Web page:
Behind the Scenes

An overview of what it took to design and build the SpinWheel.

The idea for a stylish wearable device to encourage the pursuit of science and engineering originated in 2017 with one of our regular outreach events on Yale’s campus. We invited high schoolers to campus to use breadboards, LED strips, and a motion sensor to create a motion-sensing bracelet. The feedback after the event was overwhelmingly positive, particularly among those students who hadn’t worked with electronic components before, confirming our conviction that building something beautiful can overcome initial fears about math and science.

We were particularly encouraged when students who hadn’t worked with electronic components before expressed their commitment to keep exploring after our event.

The SpinWheel eliminates the need for experienced volunteers to help with debugging and wiring; moreover, the current design is both more resilient and (we believe) more elegant than the original LED bracelets.

We iterated through many designs to find something that was wearable, aesthetically pleasing, and included sufficient LEDs to represent cardinal directions, measured tilt, and other physical quantities.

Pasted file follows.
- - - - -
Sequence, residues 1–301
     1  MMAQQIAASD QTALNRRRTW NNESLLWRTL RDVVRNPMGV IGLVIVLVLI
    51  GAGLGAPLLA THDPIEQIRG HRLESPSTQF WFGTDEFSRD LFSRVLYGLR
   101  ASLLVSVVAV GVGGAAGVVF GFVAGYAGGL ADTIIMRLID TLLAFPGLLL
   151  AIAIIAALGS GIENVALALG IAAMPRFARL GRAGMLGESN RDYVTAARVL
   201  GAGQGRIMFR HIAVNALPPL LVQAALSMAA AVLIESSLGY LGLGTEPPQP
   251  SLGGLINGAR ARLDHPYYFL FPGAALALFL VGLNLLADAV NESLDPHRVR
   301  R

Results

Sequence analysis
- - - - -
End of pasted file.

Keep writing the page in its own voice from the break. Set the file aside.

Once we had our components and a rough sketch of the layout, we began designing the circuit board using computer aided design (CAD) tools. The main challenge was fitting all of the components into a compact form factor and completing the circuit without crossing electrical components.

By ordering a small number of test boards for hand soldering, we were able to double check the performance of each component and ensure the final device will work reliably.

We based our device on the open-source Arduino platform, which is used by makers world-wide. We structured our lessons to be accessible to students who have never programmed, but also allow advanced users to create customized scripts.

With the SpinWheel, we have created a beautiful wearable device that students can confidently use to explore the marvels of science on their own.

If this sparked your curiosity, check out a more detailed version and learn about the specs of the device in the “Engineer’s Diary” part of our educational guide. We also have a few notes on the entrepreneurial side of things.

By discussing the design and testing process in more detail, we hope that makers of all ages will feel empowered to create their own devices.

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